Prediction performance of proposed model

In this section, we test the proposed model under five-fold cross-validation on the heterogeneous molecular network and Table 3 reports the results of each fold and the overall performance. According to the results, it can be observed that proposed model achieves the performance with 86.55% of Acc., 82.49% of Sen., 89.79% of Pre., 0.9301 of AUC value and 0.9308 of AUPR value. In addition, we also show the standard deviation of each fold and it can be seen that proposed model is stability since the average standard deviations achieved by proposed model are only 0.005 of Acc., 0.0085 of Sen., 0.0088 of Pre., 0.005 of AUC and 0.0045 of AUPR.

Table 3 Predictive performance under each fold on heterogeneous molecular network

Comparison with baseline models

We reimplement all baseline models on our machine and the results are shown in Table 4 and Fig. 4. Regarding the results obtained by MTV-PPI and all baseline algorithms, we find that the performances of these algorithms vary greatly and proposed method MTV-PPI achieves better results on most metrics. Compared with sequence-based algorithms (LR\(\_\)PPI, DPPI, PIPR and WSRC\(\_\)GE), MTV-PPI yields the best performance, improving the performance by approximately 7% on Acc., 5% on Sen., 15% on Pre., 0.08 on AUC and 0.08 on AUPR. The good performance is due to that MTV-PPI is capable of learning complex feature from the heterogeneous network and aggregating it with sequence-based feature. Moreover, though LPPI predicts PPIs based on network, its performance is not as good as MTV-PPI by and large. However, it achieves better result on Sen. with about 10% higher when compared with MTV-PPI and this result is also better than that of all baseline algorithms. The possible reasons for this are two folds: (i) LPPI only uses protein properties to reduce the scale of network, but these properties are not adopted to the further process of LPPI, while MTV-PPI integrates protein attribute feature into final feature, which enrich the feature to a certain extent; (ii) LPPI may lose information in the process of reducing the size of network when applied on the heterogeneous molecular network, while MTV-PPI is able to mine high-dimensional feature through on the whole heterogeneous molecular network.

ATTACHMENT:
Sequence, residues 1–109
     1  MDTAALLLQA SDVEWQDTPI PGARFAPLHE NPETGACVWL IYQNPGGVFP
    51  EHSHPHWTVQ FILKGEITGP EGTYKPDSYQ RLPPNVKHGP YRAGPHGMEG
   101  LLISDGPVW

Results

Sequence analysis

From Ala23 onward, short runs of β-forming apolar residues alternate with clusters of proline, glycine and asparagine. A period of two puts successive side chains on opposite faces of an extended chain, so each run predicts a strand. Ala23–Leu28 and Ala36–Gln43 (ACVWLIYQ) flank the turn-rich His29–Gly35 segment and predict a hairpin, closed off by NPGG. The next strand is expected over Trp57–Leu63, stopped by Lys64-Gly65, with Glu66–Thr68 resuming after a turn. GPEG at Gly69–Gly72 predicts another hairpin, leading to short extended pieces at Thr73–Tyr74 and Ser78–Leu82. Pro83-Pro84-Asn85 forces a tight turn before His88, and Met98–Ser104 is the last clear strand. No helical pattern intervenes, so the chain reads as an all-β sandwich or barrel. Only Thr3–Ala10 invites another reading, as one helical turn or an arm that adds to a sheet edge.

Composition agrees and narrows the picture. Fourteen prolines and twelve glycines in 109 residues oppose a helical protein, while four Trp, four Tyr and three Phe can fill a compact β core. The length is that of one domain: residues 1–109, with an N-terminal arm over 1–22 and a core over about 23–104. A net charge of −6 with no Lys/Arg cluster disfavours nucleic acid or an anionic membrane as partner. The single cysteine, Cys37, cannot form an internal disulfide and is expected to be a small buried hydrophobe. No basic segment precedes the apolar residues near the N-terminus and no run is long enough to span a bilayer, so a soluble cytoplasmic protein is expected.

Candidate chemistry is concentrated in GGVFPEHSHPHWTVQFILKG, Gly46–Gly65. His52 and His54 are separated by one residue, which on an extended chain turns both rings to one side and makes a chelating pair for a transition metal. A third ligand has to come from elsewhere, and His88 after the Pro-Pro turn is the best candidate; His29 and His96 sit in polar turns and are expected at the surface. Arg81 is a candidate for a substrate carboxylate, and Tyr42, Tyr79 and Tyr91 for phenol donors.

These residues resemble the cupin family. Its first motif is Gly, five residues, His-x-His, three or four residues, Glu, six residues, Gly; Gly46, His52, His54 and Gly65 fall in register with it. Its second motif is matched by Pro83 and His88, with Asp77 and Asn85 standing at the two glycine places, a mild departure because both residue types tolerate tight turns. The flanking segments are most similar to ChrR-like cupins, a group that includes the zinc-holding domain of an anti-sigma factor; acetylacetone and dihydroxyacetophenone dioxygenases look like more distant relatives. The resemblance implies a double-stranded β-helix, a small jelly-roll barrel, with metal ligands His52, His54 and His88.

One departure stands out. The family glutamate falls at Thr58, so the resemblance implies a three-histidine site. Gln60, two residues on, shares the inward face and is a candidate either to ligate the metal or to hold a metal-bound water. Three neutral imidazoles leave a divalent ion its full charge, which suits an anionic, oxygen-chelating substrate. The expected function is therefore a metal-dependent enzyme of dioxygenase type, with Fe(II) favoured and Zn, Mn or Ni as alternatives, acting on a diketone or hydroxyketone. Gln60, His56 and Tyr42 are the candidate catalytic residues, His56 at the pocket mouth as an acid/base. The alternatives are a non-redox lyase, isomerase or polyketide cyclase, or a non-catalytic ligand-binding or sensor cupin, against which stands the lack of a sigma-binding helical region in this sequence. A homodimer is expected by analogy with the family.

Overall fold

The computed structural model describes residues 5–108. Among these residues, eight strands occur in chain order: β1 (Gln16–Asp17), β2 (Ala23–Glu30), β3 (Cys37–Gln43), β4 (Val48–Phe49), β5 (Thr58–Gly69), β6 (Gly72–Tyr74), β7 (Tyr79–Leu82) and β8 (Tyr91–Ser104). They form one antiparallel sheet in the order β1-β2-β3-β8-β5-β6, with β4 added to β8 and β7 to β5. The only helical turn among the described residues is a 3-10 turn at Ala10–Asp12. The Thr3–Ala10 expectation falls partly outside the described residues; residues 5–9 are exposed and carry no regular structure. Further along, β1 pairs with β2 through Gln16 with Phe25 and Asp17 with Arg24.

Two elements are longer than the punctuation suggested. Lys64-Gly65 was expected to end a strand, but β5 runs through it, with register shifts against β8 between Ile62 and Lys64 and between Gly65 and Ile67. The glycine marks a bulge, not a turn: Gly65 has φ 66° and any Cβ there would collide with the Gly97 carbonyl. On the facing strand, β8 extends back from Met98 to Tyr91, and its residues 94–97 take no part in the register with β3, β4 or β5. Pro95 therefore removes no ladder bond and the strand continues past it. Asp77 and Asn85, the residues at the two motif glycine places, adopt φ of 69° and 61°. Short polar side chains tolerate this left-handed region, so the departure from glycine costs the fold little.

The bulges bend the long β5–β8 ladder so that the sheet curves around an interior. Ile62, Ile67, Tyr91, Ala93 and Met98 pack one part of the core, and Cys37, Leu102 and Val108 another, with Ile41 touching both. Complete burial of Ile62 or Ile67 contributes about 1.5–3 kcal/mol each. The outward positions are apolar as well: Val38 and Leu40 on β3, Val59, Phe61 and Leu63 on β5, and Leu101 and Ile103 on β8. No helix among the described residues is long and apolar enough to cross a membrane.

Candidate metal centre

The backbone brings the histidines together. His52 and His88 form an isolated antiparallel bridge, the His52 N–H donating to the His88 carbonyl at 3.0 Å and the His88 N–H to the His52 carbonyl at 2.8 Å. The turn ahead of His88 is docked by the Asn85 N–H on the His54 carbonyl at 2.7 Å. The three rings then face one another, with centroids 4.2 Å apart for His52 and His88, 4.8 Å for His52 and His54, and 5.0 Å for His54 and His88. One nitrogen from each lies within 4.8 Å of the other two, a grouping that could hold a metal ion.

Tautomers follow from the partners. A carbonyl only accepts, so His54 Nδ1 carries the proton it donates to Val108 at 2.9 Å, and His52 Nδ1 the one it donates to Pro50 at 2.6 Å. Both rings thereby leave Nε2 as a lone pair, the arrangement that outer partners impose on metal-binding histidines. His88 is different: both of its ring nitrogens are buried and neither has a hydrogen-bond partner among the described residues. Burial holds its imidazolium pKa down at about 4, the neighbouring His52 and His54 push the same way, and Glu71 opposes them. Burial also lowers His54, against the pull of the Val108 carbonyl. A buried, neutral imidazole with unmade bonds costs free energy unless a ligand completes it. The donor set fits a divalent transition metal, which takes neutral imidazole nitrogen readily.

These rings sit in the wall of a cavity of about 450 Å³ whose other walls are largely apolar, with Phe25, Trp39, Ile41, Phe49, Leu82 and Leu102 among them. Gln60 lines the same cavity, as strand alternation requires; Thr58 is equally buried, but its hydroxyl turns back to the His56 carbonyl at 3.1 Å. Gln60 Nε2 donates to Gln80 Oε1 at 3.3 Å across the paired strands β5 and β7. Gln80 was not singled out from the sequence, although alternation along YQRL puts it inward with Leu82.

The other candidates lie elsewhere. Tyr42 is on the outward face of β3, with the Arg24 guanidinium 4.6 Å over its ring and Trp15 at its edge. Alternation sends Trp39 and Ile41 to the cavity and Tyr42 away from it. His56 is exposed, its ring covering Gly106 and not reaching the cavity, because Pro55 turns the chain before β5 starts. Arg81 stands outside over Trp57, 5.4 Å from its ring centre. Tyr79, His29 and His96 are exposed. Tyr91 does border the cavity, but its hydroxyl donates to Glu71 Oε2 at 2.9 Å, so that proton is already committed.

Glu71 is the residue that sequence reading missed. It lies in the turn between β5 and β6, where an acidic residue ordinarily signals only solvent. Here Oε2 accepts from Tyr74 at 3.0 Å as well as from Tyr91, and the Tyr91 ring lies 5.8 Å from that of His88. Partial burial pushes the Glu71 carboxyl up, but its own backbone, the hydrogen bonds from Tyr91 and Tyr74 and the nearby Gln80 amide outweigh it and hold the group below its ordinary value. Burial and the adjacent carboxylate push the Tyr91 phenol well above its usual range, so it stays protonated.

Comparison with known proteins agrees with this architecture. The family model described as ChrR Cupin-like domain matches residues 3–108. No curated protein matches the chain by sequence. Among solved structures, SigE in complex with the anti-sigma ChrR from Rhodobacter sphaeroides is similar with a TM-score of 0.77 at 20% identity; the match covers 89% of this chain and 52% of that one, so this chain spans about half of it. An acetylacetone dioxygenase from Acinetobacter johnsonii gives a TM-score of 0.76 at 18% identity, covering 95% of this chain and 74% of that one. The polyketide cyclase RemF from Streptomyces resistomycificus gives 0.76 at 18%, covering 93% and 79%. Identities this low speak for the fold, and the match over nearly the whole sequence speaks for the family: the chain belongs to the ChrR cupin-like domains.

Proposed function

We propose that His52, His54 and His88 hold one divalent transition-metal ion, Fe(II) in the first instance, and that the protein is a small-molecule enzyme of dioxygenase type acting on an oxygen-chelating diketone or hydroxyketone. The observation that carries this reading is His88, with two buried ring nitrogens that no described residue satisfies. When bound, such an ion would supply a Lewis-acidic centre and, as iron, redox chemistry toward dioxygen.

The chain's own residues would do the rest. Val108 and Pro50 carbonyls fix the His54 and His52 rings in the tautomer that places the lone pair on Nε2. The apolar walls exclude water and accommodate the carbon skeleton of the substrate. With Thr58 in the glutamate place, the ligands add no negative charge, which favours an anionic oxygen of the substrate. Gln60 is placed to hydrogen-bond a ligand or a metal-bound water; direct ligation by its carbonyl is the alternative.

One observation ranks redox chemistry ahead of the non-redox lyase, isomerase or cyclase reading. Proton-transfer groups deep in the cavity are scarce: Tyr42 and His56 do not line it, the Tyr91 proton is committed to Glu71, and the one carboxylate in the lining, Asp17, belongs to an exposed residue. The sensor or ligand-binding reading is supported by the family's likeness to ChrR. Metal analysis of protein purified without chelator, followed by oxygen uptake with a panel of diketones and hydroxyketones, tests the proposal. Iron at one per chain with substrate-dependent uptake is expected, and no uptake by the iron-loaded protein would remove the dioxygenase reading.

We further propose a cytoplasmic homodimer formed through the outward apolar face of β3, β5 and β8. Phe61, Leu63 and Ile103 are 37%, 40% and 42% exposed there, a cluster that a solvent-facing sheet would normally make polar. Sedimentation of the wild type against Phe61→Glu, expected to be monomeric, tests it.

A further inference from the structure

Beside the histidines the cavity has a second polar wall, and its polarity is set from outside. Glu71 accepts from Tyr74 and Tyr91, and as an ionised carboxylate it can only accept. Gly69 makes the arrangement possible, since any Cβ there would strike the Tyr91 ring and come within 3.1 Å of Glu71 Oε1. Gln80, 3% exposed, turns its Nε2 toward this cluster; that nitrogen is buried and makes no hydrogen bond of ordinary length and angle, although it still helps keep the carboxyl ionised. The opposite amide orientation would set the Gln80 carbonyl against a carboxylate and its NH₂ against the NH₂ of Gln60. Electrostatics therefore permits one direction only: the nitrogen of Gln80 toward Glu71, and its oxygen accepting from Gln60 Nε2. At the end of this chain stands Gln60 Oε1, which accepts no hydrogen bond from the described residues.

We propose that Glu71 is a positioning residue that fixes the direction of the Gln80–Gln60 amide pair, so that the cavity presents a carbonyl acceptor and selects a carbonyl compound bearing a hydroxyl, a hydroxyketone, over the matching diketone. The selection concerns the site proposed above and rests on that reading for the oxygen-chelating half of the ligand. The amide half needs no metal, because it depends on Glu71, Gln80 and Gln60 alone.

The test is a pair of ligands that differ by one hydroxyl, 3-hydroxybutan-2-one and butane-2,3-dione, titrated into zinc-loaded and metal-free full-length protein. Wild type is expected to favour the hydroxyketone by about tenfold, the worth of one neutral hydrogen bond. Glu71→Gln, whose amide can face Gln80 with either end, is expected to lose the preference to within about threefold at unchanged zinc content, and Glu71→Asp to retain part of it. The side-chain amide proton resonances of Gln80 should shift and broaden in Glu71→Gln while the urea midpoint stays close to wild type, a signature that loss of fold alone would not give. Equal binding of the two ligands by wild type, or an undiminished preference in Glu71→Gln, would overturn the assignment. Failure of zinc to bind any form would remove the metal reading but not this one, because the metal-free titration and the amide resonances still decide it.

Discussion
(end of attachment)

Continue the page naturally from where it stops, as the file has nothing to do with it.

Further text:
Table 4 Results of various methods
Fig. 4
figure 4

ROC and PR curves obtained by MTV-PPI and all baseline algorithms

Impact of aggregation function

The inter-view feature and intra-view feature are aggregated in a concatenation way. In order to prove the effectiveness of adopted aggregation function, we compare it with another widely used sum aggregation function [43], which is formulated by: \(e^{v_{i}} = \sigma (W \cdot (e_{inter}^{v_{i}} + e_{intra}^{v_{i}}) + b)\), where W and b are trainable weights. Figure 5 reports the results obtained by above two aggregators. It should be noted that the other parts of this variant are all the same as MTV-PPI except the aggregator.

Fig. 5
figure 5

Predictive performances with two different aggregators

According to the results shown in Fig. 5, we have found that concatenation aggregator adopted in MTV-PPI is superior to sum aggregator. The possible reason is that sum aggregator tends to detect the potential interaction between two features [43], which may not suitable for our model since the features used in MTV-PPI are extracted from two separate views.

Impact of network representation learning algorithm

In MTV-PPI, the intra-view feature is learned by a kind of NN-based representation learning methods, LINE. In this section, we also implement Laplacian and DeepWalk that belong to MF-based group and RW-based group, respectively, to validate the usefulness of LINE in current task. Figure 6 summarizes the experimental results and it can be observed that neither Laplacian nor DeepWalk is as effective as LINE, which may mainly because that both of them do not directly model the network topology, since Laplacian learns the low-dimensional representations of protein nodes by MF and DeepWalk learns representations through network paths, while LINE designs two kinds of topological similarities to learn low-dimensional representations for protein nodes.